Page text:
When zinc sulfate (20-40 lb/acre) is applied in late October to early November to hasten leaf fall, shot hole inoculum is prevented from increasing. Otherwise, high levels of inoculum may develop and overwinter on the trees, infecting leaves the following spring.

Common name Amount/Acre R.E.I.+ P.H.I.+
(trade name)   (hours) (days)

  Calculate impact of pesticide on air quality
When choosing a pesticide, consider its usefulness in an IPM program by reviewing the pesticide's properties, efficacy, application timing, and information relating to resistance management, honey bees (PDF), and environmental impact. Not all registered pesticides are listed. Always read the label of the product being used.
 
A. FLUOPYRAM/TRIFLOXYSTROBIN
  (Luna Sensation) 5.0-7.6 fl oz 12 60
  MODE OF ACTION GROUP NAME (NUMBER1): succinate dehydrogenase inhibitor (7) and Quinone outside inhibitor (11)
  COMMENTS: Do not make more than 2 applications per season of QoIs or SDHIs to limit the potential for the development of resistance.
 
B. PYRACLOSTROBIN/BOSCALID
  (Pristine) 10.5-14.5 oz 12 25
  MODE OF ACTION GROUP NAME (NUMBER1): Quinone outside inhibitor (11) and succinate dehydrogenase inhibitor (7)
  COMMENTS: Do not make more than 4 applications per season of QoIs or SDHI to limit the potential for the development of resistance.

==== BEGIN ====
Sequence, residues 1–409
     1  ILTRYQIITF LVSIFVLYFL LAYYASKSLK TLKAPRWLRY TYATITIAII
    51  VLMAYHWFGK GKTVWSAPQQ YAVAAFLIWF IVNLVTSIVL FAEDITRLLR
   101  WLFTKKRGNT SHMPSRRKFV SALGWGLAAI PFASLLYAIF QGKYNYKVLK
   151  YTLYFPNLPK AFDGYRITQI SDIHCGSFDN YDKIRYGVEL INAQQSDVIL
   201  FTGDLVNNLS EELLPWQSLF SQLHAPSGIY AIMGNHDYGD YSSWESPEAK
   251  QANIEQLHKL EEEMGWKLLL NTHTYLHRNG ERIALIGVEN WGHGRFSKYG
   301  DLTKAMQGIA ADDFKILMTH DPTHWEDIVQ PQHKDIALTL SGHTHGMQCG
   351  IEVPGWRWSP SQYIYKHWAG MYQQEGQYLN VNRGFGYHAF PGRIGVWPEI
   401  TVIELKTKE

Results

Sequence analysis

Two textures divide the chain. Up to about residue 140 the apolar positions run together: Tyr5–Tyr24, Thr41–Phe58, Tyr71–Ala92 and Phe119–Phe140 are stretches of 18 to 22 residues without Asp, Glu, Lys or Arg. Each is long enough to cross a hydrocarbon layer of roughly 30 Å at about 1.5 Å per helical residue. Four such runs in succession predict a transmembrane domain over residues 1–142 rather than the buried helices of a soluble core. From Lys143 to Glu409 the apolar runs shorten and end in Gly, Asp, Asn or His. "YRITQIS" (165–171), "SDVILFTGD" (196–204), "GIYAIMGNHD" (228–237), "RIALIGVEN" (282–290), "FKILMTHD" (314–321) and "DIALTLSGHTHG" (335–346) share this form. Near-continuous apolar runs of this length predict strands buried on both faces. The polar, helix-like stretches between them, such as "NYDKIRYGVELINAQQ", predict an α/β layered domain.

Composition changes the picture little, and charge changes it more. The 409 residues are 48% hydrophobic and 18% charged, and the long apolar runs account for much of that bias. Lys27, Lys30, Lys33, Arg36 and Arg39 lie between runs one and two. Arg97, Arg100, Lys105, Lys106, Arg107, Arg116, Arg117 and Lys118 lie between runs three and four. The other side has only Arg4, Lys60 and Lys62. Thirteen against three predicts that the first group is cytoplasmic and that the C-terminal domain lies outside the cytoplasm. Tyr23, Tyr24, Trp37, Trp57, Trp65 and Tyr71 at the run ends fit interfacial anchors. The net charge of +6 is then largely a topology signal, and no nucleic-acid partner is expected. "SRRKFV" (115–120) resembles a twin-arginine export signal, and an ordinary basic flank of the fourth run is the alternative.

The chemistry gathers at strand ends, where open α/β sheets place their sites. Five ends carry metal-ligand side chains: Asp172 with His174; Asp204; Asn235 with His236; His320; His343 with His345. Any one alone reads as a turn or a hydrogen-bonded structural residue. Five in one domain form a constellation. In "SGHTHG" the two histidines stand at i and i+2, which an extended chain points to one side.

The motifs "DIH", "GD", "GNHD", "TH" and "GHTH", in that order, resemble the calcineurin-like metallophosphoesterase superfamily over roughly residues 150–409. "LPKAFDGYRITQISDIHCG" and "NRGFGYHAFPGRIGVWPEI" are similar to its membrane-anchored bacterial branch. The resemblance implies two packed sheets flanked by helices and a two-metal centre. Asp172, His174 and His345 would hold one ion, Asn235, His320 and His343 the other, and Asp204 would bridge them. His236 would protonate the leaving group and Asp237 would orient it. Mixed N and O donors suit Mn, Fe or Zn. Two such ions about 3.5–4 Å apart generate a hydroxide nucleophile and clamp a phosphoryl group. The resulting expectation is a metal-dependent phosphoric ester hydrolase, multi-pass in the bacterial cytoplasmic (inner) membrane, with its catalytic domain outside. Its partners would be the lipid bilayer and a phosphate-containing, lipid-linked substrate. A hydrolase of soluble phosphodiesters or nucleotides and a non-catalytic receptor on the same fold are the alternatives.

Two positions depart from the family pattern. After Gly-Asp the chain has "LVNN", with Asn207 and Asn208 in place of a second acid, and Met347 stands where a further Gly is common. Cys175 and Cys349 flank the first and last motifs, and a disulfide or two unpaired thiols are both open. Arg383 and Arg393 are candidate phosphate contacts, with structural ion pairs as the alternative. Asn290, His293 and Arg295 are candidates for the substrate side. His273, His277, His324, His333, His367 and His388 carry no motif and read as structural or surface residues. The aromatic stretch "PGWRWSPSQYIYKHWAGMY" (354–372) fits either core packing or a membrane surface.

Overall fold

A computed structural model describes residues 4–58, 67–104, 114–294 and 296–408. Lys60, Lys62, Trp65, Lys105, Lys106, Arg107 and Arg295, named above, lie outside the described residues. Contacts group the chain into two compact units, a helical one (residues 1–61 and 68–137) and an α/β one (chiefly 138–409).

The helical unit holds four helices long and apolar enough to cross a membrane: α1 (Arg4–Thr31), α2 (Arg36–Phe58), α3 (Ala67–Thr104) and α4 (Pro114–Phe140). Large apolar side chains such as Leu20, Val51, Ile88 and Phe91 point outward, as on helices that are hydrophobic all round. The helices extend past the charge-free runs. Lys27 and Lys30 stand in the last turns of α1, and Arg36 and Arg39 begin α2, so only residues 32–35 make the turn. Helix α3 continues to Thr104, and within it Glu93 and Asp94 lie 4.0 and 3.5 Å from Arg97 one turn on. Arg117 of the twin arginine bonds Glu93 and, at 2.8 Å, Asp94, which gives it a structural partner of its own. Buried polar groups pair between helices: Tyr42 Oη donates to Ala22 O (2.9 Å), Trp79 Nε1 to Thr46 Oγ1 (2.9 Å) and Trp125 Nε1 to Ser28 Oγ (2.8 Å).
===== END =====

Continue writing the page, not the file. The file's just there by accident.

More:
C. IPRODIONE
  (Rovral 2F) 1 pt 24 0
  MODE OF ACTION GROUP NAME (NUMBER1): Dicarboximide (2)
  COMMENTS: Addition of a narrow range oil (Superior, Supreme) at 1 to 2% volume/volume increases the effectiveness of this material. Do not apply oil, however, within 3 weeks of a sulfur application or closely before or after an application of captan or chlorothalonil. Do not make more than 4 applications per season.
 
D. AZOXYSTROBIN/PROPICONAZOLE
  (Quilt Xcel) 17.5-26.0 fl oz 12 60
  MODE OF ACTION GROUP NAME (NUMBER1): Quinone outside inhibitor (11) and demethylation (sterol) inhibitor (3)
  COMMENTS: Do not make more than two successive applications, and no more than 4 per season, to limit the development of resistance.
 
E. AZOXYSTROBIN/DIFENOCONAZOLE
  (Quadris Top) 14 oz 12 28
  MODE OF ACTION GROUP NAME (NUMBER1): Quinone outside inhibitor (11) and demethylation (sterol) inhibitor (3)
  COMMENTS: Do not make more than two successive applications, and no more than 4 per season, to limit the development of resistance.
 
F. FLUOPYRAM/TEBUCONAZOLE
  (Luna Experience) 6-8 fl oz 12 35
  MODE OF ACTION GROUP NAME (NUMBER1): succinate dehydrogenase inhibitor (7) and demethylation (sterol) inhibitor (3)
  COMMENTS: Do not make more than two successive applications, and no more than 2 per season, to limit the development of resistance.
 
G. AZOXYSTROBIN
  (Abound) 11–15.4 oz 4 28
  MODE OF ACTION GROUP NAME (NUMBER1): Quinone outside inhibitor (11)